Discussion over the fiscal cliff is focused on taxes and spending cuts, but there are other policy measures — unrelated to either — that are also due to expire at the beginning of next year. For example, the unemployment insurance extension — secured by President Obama in the 2010 lame duck session — is slated to end in January. If it does, more than 2 million Americans will lose their federal jobless benefits, a key lifeline in an economy that’s still trudging towards recovery. Unfortunately, no one in the administration is talking about extending this policy — and the recovery itself is at stake.

What would happen if unemployment benefits were to expire in January? Earlier this month, the Economic Policy Institute found that the economy would save 400,000 jobs if unemployment benefits were extended through 2013. It’s not hard to see why — as with food stamps and other forms of federal assistance, unemployment benefits are spent on necessities like rent, groceries and fuel. They provide a direct boost to the economy, and provide significant bang for the buck; you get more than a dollar’s worth of stimulus (a multiplier of 150 percent) for every dollar spent on unemployment insurance.

Just as the payroll tax cuts should be preserved in any deal over the fiscal cliff, the administration should work to include an unemployment insurance extension in any deal over the fiscal cliff. Both are key components of the recovery, and allowing either to lapse will deal far more damage to the economy than an increase in tax rates.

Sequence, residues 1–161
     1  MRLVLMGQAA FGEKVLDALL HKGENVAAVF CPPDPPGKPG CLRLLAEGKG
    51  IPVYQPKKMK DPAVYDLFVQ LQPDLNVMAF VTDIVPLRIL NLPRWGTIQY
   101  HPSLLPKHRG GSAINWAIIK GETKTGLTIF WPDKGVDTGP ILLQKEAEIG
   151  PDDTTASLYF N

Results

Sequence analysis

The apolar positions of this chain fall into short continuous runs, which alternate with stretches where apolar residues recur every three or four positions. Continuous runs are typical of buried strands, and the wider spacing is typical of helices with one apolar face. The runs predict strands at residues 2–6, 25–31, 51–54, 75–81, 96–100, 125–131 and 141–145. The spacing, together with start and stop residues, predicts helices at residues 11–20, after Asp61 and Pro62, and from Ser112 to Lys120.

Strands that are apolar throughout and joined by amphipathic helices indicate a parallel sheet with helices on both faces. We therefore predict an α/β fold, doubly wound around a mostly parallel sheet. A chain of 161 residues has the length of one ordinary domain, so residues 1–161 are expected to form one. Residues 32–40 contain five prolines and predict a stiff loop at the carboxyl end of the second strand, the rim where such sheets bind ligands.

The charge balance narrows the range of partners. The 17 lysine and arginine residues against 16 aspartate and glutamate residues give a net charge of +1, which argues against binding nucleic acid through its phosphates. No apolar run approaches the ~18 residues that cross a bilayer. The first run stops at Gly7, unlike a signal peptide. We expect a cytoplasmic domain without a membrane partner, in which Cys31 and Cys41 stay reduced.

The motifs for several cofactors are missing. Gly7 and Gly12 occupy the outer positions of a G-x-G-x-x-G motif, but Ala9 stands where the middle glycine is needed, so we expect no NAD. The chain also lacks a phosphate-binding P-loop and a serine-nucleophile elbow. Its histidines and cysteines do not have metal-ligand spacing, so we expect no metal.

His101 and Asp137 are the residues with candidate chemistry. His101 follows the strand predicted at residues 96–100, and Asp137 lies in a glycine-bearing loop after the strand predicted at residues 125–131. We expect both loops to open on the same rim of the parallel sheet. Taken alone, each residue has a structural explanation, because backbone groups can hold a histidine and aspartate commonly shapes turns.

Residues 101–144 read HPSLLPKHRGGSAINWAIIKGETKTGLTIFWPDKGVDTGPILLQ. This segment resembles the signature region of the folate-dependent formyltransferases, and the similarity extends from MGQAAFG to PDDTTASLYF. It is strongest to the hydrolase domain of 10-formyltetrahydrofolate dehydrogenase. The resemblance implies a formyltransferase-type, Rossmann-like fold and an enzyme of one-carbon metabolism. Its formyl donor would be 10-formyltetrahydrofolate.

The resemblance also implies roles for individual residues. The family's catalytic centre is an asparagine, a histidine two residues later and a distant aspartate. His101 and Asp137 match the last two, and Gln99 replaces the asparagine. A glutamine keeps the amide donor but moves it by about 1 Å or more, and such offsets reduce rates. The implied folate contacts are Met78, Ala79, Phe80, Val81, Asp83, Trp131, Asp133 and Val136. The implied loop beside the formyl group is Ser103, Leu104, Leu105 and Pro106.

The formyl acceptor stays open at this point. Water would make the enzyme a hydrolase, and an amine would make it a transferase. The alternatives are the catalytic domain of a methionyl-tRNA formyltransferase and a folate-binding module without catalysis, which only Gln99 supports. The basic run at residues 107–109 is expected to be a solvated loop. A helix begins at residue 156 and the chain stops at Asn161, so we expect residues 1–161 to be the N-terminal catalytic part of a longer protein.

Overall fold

Indeed, preserving both policies is so important that it provides an argument for allowing the United States to go over the cliff. If we do go over the cliff, Republicans will end up with even less leverage than they have now. Right now, any leverage Republicans have is contingent on the fact that there’s a time limit — if the administration wants a deal before the end of the year, that gives Republicans a bit of a boost in the negotiations. If Obama is willing to over the cliff, and tax rates go up, Republicans lose their leverage. Republicans will suddenly be in need of something — a new compromise tax rate for the rich that is slightly lower than the Clinton-era rates that will have automatically kicked in — that only Obama can agree to.

Going over the cliff would strengthen the administration’s hand. Obama could then negotiate a far better deal for the economy — one that includes an extension of unemployment benefits. All we need now is for the administration or Senate Democrats to start talking about them.

Jamelle Bouie is a staff writer at The American Prospect, where he writes a blog.